The Francis! Francis! X3 is a bit messy. Blame it on the styling - the drip tray's grill doesn't always catch all the waste water the machine delves out; the brushed stainless steel walls that pick up lots of oily finger smudges, and the reservoir that is definitely more on the design aesthetic side than the usability side. Oh, and also blame it on the lack of a 3 way solenoid valve (but note, most machines under $400 do not feature this "pro grade" enhancement). But hey, it's messy, and that's the price you pay for a rather uniquely styled machine.
Let's talk about how to take care of this machine.
First, have a good rag always handy - you will make messes with the X3. It's inevitable. Every single shot I've done with the grounds portafilter makes some sort of mess - drips of coffee sludge on the counter, water leaked here and there, you name it. It's not a major problem, but hey, this is a "cool looking machine", and it just won't do to have coffee sludge on the counter next to it.
When you're brewing a shot, it is very important to remember to exercise patience and care when removing the portafilter after the shot. Do it too soon, and you'll get a spray of hot coffee grounds and water.
I always recommend doing something I call "the portafilter wiggle" after you're done a shot and have dumped the spent coffee grounds. It is simple to do - with a clean portafilter and filter basket, put it loosely in the grouphead, and activate the machine's pump. Water will start flowing. Wiggle the portafilter so it's totally loose, then semi tight, then loose again, and so on. This cleans the gasket, dispersion screen, and other parts inside, albeit just a "surface" type clean.
| Don't let this happen to you! |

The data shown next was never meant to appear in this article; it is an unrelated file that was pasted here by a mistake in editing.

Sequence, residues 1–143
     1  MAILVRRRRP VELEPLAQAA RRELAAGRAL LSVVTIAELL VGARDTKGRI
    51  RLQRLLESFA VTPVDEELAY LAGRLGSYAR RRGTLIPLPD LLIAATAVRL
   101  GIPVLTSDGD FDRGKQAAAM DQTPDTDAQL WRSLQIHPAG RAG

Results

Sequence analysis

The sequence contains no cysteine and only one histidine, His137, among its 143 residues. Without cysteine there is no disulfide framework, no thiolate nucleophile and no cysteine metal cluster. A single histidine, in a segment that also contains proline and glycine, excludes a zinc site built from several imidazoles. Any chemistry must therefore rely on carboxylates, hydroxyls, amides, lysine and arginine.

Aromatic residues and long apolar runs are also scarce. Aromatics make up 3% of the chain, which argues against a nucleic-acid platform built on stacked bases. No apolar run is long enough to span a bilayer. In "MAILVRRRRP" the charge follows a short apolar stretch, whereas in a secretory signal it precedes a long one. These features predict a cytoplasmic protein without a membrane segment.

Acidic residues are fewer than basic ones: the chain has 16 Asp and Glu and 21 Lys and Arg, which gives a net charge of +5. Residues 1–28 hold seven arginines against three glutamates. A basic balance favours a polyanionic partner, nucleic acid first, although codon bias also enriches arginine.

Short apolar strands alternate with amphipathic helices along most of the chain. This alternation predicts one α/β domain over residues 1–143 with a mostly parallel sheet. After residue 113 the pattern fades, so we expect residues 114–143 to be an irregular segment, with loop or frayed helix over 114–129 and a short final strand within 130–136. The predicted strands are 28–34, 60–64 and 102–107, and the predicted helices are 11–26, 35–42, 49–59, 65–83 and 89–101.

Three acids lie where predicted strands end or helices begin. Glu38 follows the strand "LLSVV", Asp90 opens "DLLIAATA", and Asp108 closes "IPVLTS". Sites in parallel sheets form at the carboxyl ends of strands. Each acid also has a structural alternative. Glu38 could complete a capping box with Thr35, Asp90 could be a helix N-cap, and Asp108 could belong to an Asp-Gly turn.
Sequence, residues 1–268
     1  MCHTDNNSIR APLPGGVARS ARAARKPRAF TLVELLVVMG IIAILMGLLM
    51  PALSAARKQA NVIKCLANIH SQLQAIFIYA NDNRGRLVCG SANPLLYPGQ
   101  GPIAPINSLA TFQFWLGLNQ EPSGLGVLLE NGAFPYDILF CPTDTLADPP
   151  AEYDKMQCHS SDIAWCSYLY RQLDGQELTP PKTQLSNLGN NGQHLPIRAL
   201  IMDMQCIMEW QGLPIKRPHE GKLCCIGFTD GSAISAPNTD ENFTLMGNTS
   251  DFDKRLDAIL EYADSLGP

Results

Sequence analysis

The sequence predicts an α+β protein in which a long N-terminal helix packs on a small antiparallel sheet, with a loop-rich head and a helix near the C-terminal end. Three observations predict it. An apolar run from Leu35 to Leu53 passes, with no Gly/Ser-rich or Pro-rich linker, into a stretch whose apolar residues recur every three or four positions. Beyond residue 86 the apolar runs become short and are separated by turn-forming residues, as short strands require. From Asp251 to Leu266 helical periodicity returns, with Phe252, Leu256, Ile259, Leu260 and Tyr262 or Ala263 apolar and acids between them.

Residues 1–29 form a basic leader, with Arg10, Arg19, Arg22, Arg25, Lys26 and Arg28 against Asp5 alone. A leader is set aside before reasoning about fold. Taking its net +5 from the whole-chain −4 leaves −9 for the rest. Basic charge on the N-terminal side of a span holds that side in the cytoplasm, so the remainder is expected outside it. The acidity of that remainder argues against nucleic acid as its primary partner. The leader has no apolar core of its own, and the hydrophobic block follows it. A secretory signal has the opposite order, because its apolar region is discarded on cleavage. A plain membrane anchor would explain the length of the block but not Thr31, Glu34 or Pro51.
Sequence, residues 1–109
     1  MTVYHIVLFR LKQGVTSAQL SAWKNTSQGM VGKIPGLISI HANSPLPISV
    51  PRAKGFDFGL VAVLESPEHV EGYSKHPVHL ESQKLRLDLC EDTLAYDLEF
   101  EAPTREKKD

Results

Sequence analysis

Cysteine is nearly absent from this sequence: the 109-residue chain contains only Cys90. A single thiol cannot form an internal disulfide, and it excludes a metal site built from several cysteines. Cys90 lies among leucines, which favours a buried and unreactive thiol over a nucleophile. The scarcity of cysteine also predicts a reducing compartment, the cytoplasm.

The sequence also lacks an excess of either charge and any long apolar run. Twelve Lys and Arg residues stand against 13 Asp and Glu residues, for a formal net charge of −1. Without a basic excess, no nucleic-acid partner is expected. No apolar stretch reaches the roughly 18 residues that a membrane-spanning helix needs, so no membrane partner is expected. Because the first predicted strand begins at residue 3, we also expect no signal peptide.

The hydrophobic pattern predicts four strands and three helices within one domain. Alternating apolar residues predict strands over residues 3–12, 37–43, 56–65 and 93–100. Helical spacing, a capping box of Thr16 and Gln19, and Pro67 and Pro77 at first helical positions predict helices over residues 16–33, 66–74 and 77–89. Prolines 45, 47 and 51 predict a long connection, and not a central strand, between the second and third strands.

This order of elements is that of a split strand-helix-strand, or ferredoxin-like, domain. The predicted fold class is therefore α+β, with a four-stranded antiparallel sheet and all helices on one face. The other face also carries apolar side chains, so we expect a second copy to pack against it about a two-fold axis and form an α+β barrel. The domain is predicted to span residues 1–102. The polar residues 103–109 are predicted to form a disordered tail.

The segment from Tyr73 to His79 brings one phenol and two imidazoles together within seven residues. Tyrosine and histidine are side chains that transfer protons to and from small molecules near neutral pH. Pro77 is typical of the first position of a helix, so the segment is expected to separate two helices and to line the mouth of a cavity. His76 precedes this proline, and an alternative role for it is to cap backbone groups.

When you're steaming milk, there's another concern - the froth aiding device does not remove easily (in fact, I haven't been able to remove mine), and there is milk inside of it. You can use boiling water to kill the bacteria (tip - boil water, put it in your froth pitcher, and froth the boiling water for a while - exercise great care when doing this - the water will be boiling and "active", gurgling all over the place. Then let the wand soak in the boiled water).
Every week or two, depending on how many shots and how many milk-based drinks you make with the Francis! Francis! X3, I recommend a more thorough cleaning. Let's start with the portafilter and baskets.
The steel filter baskets are made "like new" by simply immersing them in a solution of boiling water and a fave around these labs, Oxiclean. Just keep the Oxiclean away from aluminum or the brass parts - it will turn brass green.
For the portafilters and the dispersion screen, I recommend Urnex Cafiza which is one of the best cleaners I've ever used for espresso machines. Oxiclean would also do a good job, but remember, there's brass under that chrome in the portafilter, and the dispersion screen contacts with brass - we don't want green tools now, do we? Captain Kirk might like green, uh, aliens, but I don't want any greenish alien-like glow on my espresso equipment.
Wih the Urnex Cafiza, you simply add one teaspoon of the stuff to about 1 litre of hot water. It will foam up, so place a big sauce pan in the sink, and add the hot water and Cafiza. Add the portafilter standing up so the handle is outside of the liquid, add your filter baskets if you like, and unscrew the dispersion screen and add that. Let it soak for a half hour or so, and everything will be sparkly. Rinse well, and the parts are like new.
While the PF and screens are soaking, scrub and clean the grouphead parts with soapy water and some scotch brite pads. Rinse as well as you can. Then rinse again. Don't worry about the mess, you'll clean that up as well.
For dealing with the steam wand, you can buy something like Urnex' Rinsa, a great steam wand cleaner that lets you soak the entire wand in a solution that eats away at all milk bacteria and the like.
Given this is a consumer machine, there aren't many parts to maintain or worry about. Use good, filtered, medium water and you shouldn't need to do a boiler flush too often (maybe once every few years). I do recommend a good boiler cleaning every year or two, but covering how to do this is way beyond the scope of this Detailed Review.